UQ adds shared e-scooters and e-bikes to its active travel mix

17 September 2021

Some exciting new transport initiatives launched at St Lucia last month, supporting the roll out of shared electric micromobility (e-micromobility) devices on campus, as UQ delivers a holistic approach to active travel.

“The University is a huge advocate for active travel,” says Harshini Ravindran, manager, UQ Transport Systems.

“What does that mean? Active travel refers to methods of travel such as walking or cycling.

“With the growing uptake of e-bikes and e-scooters, we have been working to facilitate e- micromobility on campus. In particular, to deliver access to shared devices.

“Last month, we welcomed both Neuron and Beam to the St Lucia campus. Staff and students can now choose to use the devices to travel within or outside campus to nearby destinations.

“E-micromobility devices are an invaluable addition to the transport options in south-east Queensland, where our hot and humid climate can make it difficult for people to engage in active travel year-round.”

E-mobility strategy

UQ’s first e-mobility strategy has been developed to deliver new infrastructure, education campaigns and a safe riding environment for all.

“We are embracing e-micromobility as a new form of active travel, and harnessing its potential to reduce carbon emissions,” says Dr Carlos Fujita-Dimas, UQ’s energy management program officer and e-mobility strategy lead.

“This can work in two main ways. E-scooters or e-bikes may enable some people to cut back on or eliminate their car journeys to campus completely. For example, an e-bike may facilitate riding just that little bit further than a regular bicycle, especially given some of the hilly terrain around St Lucia.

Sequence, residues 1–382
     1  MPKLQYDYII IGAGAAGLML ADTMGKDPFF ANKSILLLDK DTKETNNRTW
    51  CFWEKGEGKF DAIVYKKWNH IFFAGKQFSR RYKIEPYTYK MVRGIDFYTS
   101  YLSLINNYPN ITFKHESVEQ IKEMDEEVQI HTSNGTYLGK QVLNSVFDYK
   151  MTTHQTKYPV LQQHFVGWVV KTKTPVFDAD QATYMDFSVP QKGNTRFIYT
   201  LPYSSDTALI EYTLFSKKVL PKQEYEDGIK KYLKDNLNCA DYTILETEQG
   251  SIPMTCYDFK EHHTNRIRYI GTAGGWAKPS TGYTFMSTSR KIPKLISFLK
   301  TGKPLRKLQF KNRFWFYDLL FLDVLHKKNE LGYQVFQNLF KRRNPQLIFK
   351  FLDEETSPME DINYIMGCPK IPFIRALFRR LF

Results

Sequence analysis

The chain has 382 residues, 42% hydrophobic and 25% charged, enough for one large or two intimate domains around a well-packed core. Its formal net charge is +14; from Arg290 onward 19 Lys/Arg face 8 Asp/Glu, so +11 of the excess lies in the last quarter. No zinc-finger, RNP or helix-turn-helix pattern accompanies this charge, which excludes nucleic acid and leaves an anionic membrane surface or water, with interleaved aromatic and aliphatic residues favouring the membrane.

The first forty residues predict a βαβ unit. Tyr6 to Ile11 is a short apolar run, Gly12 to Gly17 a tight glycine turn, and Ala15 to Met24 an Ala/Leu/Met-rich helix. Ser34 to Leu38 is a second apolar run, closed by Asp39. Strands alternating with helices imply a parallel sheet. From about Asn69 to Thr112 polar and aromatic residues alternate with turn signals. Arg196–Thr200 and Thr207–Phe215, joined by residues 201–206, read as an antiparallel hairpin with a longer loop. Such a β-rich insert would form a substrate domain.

“Or, an e-micromobility device may help to solve the first mile / last mile problem that others encounter in accessing public transport. So, again, introducing a mix of options could be the difference that encourages them to ditch the car and use greener options.”

On this latter goal, a second research project has launched simultaneously on campus (and around Brisbane), making use of the University’s new e-mobility infrastructure and shared device access. This project introduces the concept of Micromobility as a Service (MaaS). Dr Jake Whitehead is leading the largest MaaS trial in Australia, and all UQ staff and students are invited to participate. Initial details here.

Innovative service delivery

UQ is implementing a staged project roll-out, which also demonstrates an agile new way to deliver UQ services, Carlos explains.

“We are basically trialling a range of ‘soft’ and ‘hard’ infrastructure options (such as signage, safety campaigns, zoning and maps) before committing to long-term policies and investment,” he says.

“We want these devices to integrate seamlessly and safely into UQ life, working well for users and everyone else within our community.”

The trials will collect real-world feedback through surveys and requests, and will also rely on data provided by shared ride services, to gauge micromobility movement patterns and  potential problem points.

“That’s why staff and students may notice that some of our new instalments or initiatives will seem ‘temporary’. This is intentional while we explore different ideas to find out what works and what doesn’t.”

Meanwhile, regular education campaigns on social media and around campus are planned to enhance safety for all.

“Electronic bike and scooter riders are required to comply with all the state and local traffic rules; however, we have some additional guidelines too. For example, e-devices are mostly permitted only on roads and not footpaths around the University,” Carlos says.

“We are currently finalising the shared road services framework, which we’ll be publishing shortly. This document will lay out what each party’s responsibilities are with regards to sharing the roads and other campus spaces.”

Start riding today!

All the information you need to get started can all be found on the main Rideables Transport website, including safety guidelines, a rideables network map and rideables parking zones.